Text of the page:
I keep getting told that it is obvious that current teachings contradict pre-VII teachings and if I can't see that I must be stupid or deliberately misunderstanding.  There are a lot of people on this forum, including you, who refuse to acknowledge that a knowledgeable, intellectually honest person of good will could come to a conclusion that disagrees with their own.  This attitude is not reserved to one side or the other of the debates we have here.


Re: Benedict: Take Joy in the Good of our Separated Brethren - Walty - 10-22-2012

(10-22-2012, 01:36 PM)Adeodatus01 Wrote:
(10-21-2012, 03:18 PM)Mithrandylan Wrote: Maybe if you disconnect this passage from everything else he's done as a pontiff.

Oh, like Summorum Pontificum and Universae Ecclesiae and only distributing Communion on the tongue and Anglicanorum coetibus and the Benedictine Arrangement and....

All of these are (probably) good things but that doesn't consecrate and sanctify everything he does.  


Re: Benedict: Take Joy in the Good of our Separated Brethren - Adeodatus01 - 10-22-2012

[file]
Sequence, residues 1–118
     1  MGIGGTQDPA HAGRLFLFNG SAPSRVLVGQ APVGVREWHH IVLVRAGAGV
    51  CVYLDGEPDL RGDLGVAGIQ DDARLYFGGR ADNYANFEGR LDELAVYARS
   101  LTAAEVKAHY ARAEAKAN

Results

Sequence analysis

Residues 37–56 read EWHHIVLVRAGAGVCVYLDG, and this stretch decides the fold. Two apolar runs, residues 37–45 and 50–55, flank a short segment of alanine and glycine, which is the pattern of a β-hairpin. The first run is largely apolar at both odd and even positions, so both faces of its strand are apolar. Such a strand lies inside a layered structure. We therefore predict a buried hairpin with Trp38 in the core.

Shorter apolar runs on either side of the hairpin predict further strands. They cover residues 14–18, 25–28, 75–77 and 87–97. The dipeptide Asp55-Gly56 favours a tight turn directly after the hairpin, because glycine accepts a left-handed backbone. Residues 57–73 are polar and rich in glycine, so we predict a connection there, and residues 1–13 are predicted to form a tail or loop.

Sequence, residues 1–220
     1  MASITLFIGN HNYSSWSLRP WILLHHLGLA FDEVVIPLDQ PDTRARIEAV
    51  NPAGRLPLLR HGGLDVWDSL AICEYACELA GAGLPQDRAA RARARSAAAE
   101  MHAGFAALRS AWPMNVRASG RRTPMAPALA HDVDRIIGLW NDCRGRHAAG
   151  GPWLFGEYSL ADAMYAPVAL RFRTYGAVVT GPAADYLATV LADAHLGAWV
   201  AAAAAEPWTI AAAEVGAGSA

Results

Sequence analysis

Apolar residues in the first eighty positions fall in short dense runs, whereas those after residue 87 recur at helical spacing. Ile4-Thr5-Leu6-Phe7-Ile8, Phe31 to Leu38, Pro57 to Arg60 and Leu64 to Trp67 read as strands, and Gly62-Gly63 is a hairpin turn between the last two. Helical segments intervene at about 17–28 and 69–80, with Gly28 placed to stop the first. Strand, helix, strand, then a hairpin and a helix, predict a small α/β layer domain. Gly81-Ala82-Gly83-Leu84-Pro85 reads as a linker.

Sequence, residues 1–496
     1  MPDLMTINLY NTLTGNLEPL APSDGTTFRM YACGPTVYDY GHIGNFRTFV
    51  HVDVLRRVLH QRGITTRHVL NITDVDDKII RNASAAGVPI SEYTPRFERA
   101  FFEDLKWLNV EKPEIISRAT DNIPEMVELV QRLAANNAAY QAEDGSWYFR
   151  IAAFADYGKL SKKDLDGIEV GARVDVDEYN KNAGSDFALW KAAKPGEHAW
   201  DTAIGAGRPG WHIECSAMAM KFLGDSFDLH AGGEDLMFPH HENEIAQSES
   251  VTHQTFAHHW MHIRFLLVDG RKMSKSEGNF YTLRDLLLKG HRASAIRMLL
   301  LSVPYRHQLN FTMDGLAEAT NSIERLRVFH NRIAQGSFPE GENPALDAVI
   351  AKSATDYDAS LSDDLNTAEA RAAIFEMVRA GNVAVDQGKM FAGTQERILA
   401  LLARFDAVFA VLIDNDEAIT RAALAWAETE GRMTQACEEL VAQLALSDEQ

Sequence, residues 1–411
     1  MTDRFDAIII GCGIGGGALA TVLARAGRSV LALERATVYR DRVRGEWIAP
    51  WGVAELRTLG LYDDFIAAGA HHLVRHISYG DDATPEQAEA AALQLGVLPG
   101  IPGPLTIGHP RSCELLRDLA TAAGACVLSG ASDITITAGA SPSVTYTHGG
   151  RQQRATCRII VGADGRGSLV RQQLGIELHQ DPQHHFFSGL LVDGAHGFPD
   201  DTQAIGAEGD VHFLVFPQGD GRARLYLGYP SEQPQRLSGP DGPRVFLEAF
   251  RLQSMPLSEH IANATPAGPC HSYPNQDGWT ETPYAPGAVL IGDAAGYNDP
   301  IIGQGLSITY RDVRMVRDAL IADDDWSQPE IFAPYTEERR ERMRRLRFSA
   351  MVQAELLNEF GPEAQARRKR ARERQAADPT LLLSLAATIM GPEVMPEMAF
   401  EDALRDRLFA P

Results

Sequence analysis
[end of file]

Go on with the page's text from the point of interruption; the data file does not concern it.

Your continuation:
(10-22-2012, 01:41 PM)Walty Wrote:
(10-22-2012, 01:36 PM)Adeodatus01 Wrote:
(10-21-2012, 03:18 PM)Mithrandylan Wrote: Maybe if you disconnect this passage from everything else he's done as a pontiff.

Oh, like Summorum Pontificum and Universae Ecclesiae and only distributing Communion on the tongue and Anglicanorum coetibus and the Benedictine Arrangement and....

All of these are (probably) good things but that doesn't consecrate and sanctify everything he does.  

You are right about that. It was Mith who invoked "everything else he's done as a pontiff" so I just wanted to point out some things that His Holiness has done.



Re: Benedict: Take Joy in the Good of our Separated Brethren - JuniorCouncilor - 10-22-2012

At best, this seems to be il papa addressing a problem that scarcely exists, and scarcely matters even if it does.  At worst (and, I fear, more likely) it is one more instance of  indifferentism.

The speech, outside of the context of the rest of his public life, might be unimpeachable.  As the matter stands, I think the opposite is true.